TAG: As channel partners increasingly evolve to a more consultative role, how does this change the nature of the sales cycle, since rates become less important?

SG: It definitely increases the sales cycle. It also increases the longevity of the revenue stream. The key is to stay on top of the technology, so your offering won’t become outdated. Sales cycles of six months to a year are not uncommon in the medium to large business market. This creates significant cash-flow challenges for growing companies and I suspect a lot of consolidation will occur over the next several years. This is one of the reasons that we are actively pursuing acquisition targets to help fuel our growth.

TAG:  What advice do you have for the channel partner community as voice and data converge?

SG: I think this is a tremendous opportunity. I think the key here is to offer products that target the CIO or IT manager. Ultimately, they will have much more say in telecom decisions as it will impact their infrastructure more. I would also be cautious because I think this convergence will happen slowly. Most PBXs out there are still traditional and IP Centrex is not widely deployed yet. I am not sure if the verdict is in on whether VoIP is a new product or just another niche within telecom. This will depend on the level of new productivity enhancing services the new IP platforms can deploy. The price savings alone are not enough.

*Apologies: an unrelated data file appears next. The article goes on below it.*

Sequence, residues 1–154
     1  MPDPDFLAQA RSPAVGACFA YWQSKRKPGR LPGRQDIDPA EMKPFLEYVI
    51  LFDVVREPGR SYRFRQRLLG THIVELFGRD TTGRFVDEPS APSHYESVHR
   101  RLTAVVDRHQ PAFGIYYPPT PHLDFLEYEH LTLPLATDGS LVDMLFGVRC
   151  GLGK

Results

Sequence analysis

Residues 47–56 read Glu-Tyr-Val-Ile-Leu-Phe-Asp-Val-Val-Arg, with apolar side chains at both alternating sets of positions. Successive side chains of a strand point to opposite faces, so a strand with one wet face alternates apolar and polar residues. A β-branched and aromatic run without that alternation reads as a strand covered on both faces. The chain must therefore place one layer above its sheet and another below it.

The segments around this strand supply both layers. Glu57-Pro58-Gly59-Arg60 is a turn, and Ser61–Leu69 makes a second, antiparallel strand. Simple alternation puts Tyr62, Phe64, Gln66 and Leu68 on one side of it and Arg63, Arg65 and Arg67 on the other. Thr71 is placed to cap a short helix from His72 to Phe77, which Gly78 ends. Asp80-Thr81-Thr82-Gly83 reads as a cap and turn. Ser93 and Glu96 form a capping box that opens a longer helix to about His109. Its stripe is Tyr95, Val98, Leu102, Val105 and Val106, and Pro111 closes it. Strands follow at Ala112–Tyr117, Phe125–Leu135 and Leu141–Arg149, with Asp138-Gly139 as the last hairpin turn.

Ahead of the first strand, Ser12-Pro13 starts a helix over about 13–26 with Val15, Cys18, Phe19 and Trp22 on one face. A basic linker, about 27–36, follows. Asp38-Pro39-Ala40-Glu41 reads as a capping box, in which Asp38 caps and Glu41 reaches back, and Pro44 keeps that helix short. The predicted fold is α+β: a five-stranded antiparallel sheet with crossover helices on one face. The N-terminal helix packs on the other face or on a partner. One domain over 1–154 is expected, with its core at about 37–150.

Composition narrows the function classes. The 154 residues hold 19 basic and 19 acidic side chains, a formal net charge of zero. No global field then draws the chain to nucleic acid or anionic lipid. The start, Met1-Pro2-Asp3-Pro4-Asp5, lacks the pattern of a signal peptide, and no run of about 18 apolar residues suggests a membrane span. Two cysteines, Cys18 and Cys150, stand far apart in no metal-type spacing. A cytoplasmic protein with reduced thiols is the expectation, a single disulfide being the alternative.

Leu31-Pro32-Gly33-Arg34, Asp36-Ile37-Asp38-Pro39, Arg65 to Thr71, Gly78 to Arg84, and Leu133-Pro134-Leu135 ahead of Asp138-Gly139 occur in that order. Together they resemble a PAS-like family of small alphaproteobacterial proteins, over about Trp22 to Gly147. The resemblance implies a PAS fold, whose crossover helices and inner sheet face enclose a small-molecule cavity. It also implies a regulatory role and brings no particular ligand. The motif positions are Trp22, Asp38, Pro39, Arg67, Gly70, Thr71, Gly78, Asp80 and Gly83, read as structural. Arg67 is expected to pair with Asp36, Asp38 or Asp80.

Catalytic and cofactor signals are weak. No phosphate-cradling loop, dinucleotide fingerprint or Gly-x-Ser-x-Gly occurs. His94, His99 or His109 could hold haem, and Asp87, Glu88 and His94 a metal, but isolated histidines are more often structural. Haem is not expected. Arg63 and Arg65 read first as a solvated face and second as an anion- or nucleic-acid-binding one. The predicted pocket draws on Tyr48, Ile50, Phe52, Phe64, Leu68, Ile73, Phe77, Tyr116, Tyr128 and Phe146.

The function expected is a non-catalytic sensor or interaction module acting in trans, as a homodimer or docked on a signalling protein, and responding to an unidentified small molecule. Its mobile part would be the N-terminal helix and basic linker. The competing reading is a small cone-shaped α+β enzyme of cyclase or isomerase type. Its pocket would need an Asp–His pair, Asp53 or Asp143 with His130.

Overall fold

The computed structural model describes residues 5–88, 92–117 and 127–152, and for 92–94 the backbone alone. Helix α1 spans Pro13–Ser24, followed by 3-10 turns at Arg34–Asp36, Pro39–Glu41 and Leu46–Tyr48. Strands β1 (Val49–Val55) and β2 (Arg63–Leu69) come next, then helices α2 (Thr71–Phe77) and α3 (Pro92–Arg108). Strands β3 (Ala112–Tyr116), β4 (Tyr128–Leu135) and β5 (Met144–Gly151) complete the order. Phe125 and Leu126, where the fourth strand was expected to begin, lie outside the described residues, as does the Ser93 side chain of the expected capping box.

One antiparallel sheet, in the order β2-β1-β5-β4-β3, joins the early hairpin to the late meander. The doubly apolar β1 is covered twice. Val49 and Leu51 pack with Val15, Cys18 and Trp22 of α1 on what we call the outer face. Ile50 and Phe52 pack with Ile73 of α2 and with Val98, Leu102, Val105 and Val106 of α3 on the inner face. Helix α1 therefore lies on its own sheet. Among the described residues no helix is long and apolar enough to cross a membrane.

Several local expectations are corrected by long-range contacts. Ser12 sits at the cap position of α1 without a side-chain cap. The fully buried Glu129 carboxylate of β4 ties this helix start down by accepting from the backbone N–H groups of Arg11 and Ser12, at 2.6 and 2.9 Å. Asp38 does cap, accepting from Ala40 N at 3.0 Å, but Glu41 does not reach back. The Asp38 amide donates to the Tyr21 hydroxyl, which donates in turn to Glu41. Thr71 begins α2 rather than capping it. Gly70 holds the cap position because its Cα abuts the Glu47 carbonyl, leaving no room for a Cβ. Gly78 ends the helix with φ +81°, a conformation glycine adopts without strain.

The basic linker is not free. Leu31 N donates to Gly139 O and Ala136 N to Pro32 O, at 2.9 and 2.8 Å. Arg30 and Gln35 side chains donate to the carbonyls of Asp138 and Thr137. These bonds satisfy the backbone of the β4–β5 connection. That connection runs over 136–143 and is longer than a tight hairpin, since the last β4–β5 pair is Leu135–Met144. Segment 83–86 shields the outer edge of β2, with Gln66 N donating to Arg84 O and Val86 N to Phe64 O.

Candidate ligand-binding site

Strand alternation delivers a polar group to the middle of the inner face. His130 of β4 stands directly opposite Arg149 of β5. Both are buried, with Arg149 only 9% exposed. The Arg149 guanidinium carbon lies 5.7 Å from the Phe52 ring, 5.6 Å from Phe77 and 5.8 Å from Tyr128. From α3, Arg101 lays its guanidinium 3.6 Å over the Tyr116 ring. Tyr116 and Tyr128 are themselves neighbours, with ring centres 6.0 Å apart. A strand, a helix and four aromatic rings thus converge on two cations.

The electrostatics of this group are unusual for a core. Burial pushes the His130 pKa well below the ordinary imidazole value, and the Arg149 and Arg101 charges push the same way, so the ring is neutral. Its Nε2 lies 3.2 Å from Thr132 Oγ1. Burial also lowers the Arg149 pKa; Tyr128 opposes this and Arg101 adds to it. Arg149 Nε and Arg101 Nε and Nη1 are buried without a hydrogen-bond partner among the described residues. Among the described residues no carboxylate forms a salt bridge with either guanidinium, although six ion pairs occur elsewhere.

I think the bottom line is that we want to sell products that improve productivity, not just decrease price. This gets the attention of higher-level decision makers who often focus on top-line numbers and productivity improvements rather than cost savings. I suspect we will see many different approaches here as companies lead with data and then try to up-sell traditional services.

TAG: Other thoughts?

SG: In some ways, we are in a sort of Dark Ages, where there are few products that have a lot of sizzle. Our approach has been to give a high level of consulting work, analysis and custom reporting to clients to differentiate ourselves and take us out of the cost per minute game. We have been extremely effective in selling to larger accounts because of our flexibility and custom features. We can do things that other carriers can’t.

TAG: Tell me a bit about what User Centric does.

SG: User Centric provides medium and large business customers with a custom-designed suite of products. Our software and network experts analyze current and future network demands, and then pick and choose among various network and hardware vendors to provide the best solution based on the client’s needs. Whether it’s utilizing multiple entrance facilities for a major call-center, to simply providing a custom-prompted conference calling platform to a hedge fund, we specialize in serving the customer that wants a custom-tailored solution to a meaningful issue in their business.

Simon Ginsberg is president of User Centric Communications in New York City. He can be reached at Visit the company here: